Sep 24 2011

A key Fuel Cell component: the Gas Diffusion Media

Published by genportadministrator at %I:%M %p under Fuel Cell Materials

The heart of the Polymer Electrolyte Membrane Fuel Cell (PEMFC) is the Membrane Electrode Assembly (MEA), which consists of a proton exchange membrane (typically a perfluorosulfonated polymer) and two catalyst layers (i.e. anode and cathode). However, between the Bipolar Plate (BP) and the MEA it is common practice to insert a third component, the so-called Gas Diffusion Layer (GDL), which is now considered indispensable for the proper working of the FC. The GDL is a critical component in a PEM because it must carry reactant gases from the flow fields to the catalyst layer as well as electrons from the bipolar plate to the catalyst layer, while at same time has to remove reaction products (exhausted gases and water) from the catalyst layer and help take heat out of the MEA up to the cooling channels in the BP. Last but not least, it has to guarantee good contact between BP and MEA. So, among the many properties that are required for the GDL there are electronic and thermal conductivity, porosity, hydrophobicity to assist in water management, compressibility and elasticity.

At present, GDLs are constructed from porous carbon paper, or carbon cloth, with a thickness in the range of 100–300 µm. The gas diffusion layers are typically wet-proofed with a PTFE (Teflon) coating to ensure that pores do not become congested with liquid water; this positive contribution of the PTFE is usually counterbalanced by some drawbacks such as an increase in electrical resistance and thickness, together with an inhomogeneous coating distribution and the need of a thermal treatment to ensure the adhesion between PTFE and carbon substrate.

Both carbon paper and cloth are typically macroporous materials, but to improve water removal and gas permeability it is necessary to introduce micropores and this is accomplished by coating a thin Micro-Porous Layer (MPL) onto the GDL surface adjacent to the membrane; this coating also improves the smoothness of the GDL surface allowing a better contact with the catalytic layer. In addition to being microporous and to preserve high gas permeability, the MPL has to be quite hydrophobic to drive out water and electrically conductive. In this paper the PEM component obtained by coating the MPL onto the carbon cloth will be referred to as Gas Diffusion Medium (GDM), reserving the term GDL to the macroporous substrate made of woven carbon cloth.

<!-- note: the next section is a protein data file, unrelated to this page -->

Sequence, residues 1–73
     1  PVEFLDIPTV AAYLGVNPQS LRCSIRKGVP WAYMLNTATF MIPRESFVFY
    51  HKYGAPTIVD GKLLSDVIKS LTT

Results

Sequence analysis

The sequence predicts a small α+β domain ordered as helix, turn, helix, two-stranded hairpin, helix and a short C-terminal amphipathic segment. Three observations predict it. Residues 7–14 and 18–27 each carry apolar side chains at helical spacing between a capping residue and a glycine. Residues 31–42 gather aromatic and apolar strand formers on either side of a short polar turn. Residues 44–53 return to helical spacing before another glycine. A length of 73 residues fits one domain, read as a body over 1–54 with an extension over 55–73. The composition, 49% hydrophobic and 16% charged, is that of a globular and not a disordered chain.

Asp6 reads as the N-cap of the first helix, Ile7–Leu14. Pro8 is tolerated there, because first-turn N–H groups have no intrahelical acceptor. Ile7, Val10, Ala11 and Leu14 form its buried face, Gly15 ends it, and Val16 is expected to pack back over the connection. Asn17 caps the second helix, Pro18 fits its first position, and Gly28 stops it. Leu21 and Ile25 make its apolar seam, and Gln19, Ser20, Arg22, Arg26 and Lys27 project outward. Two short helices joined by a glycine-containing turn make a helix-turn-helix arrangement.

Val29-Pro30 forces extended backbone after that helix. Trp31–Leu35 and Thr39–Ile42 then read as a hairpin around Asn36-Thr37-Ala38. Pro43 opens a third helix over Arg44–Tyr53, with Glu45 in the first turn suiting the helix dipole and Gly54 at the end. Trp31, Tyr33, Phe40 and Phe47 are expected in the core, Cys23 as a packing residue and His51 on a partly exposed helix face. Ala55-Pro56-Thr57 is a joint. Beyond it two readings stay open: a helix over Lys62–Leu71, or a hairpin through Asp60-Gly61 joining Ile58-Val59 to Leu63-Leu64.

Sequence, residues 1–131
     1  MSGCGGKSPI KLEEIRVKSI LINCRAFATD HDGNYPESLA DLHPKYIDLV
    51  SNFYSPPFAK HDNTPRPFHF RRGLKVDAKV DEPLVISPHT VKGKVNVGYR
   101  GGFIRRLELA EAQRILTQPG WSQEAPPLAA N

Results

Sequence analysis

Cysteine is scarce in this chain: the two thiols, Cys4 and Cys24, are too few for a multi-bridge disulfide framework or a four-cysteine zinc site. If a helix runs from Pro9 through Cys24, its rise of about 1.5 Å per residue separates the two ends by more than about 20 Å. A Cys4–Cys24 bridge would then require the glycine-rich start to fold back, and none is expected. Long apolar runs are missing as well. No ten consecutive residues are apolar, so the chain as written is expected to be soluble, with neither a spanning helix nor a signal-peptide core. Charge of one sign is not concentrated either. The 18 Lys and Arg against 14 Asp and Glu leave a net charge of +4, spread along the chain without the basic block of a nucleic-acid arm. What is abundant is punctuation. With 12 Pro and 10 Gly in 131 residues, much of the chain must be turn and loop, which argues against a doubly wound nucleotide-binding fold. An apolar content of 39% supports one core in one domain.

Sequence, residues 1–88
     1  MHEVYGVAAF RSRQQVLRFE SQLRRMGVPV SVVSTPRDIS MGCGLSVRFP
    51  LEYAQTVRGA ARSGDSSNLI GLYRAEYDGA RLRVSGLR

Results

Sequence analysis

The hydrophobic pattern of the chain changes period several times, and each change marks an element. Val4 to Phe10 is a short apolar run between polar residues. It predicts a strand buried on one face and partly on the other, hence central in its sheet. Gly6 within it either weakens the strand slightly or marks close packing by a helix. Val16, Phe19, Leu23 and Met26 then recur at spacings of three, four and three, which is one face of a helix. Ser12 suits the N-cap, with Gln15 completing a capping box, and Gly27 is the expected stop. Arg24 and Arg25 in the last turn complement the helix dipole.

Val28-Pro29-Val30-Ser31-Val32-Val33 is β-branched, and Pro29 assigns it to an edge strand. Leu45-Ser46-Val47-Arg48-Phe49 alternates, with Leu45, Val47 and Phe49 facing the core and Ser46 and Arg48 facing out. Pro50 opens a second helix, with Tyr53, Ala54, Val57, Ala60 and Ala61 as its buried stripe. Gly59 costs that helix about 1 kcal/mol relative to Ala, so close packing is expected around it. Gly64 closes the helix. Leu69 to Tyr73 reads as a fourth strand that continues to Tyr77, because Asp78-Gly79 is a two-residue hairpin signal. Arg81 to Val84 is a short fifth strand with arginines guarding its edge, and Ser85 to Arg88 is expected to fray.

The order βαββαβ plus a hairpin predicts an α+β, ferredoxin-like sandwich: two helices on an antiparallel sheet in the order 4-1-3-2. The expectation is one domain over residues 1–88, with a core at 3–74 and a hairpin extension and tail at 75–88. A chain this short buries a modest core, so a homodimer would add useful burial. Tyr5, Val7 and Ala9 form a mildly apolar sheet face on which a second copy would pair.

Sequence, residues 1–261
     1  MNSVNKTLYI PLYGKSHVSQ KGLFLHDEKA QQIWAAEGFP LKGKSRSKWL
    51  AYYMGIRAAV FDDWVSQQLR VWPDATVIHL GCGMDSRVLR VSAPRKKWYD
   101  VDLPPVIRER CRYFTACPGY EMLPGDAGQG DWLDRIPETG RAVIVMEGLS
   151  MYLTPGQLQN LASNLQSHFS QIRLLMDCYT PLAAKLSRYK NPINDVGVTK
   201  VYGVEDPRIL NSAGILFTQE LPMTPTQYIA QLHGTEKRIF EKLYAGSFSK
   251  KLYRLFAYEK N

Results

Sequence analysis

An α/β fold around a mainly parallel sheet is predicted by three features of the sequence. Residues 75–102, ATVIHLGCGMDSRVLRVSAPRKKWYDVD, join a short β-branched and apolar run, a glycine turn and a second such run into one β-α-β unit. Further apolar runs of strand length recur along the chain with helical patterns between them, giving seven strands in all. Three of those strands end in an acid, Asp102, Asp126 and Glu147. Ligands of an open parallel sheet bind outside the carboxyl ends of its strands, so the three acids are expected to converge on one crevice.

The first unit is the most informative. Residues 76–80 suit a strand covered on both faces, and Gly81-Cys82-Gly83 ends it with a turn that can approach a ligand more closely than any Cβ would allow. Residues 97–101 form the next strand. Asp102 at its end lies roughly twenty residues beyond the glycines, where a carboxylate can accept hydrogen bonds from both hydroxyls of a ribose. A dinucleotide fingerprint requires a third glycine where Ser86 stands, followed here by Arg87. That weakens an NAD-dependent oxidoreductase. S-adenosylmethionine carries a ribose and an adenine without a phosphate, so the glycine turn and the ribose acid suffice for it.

The catalyst layer, which is in direct contact with the membrane and the GDM, is either applied to the membrane (Catalyst Coated Membrane, CCM) or to the MPL (the so-called Gas Diffusion Electrode, GDE). In either cases, the objective is to place the catalyst particles, typically platinum or platinum alloys, within close proximity of the membrane. In this work we will use CCMs only.

In commercialized products the MPL is almost universally made from dispersion of carbon black and PTFE particles in water in different concentrations. However, in the recent literature an increasing attention has been paid to nanocarbon-based materials to be used in the formulation of innovative PEM-FC components.

To improve thermal and electrical conductivity of GDL, Single walled carbon nanotubes free-standing membrane (CNTFSM) have been developed by the Politecnico di Milano, Dipartimento di Chimica, Materiali e Ingegneria Chimica “G. Natta” and tested into a LT-PEMFC.

Kannan et al. made GDLs using a new type of partially ordered graphitized nano-carbon black. They were fabricated with teflonized nonwoven carbon paper as a substrate coated with a MPL, whose hydrophobicity was enhanced by the use of the graphitized carbon black provided by a Teflon suspension. The robustness of the micro-porous layer was improved by combining the graphitized nano-carbon black with a fibrous nano-carbon. The fuel cell performance in terms of power density was excellent.

Soehn et al. fabricated two types of gas diffusion electrodes (GDE) with nanocarbon as structural component. In the first one carbon nanotubes were directly grown on the fiber surface of a traditional carbon cloth in a CVD process. The second GDL uses the buckypaper preparation technique which allows a flexible design of layer-type GDEs with tuneable properties (wetting behaviour, catalyst concentration) or gradient materials.

Minimizing catalyst load and maximizing catalyst utilization can be achieved using platinum supported on high surface area nanocarbon materials, such as carbon nanofibers, graphite nanofibers multi-wall carbon nanotubes, although the effective attachment of Pt nanoparticles onto CNTs, for instance, remains a challenging task.


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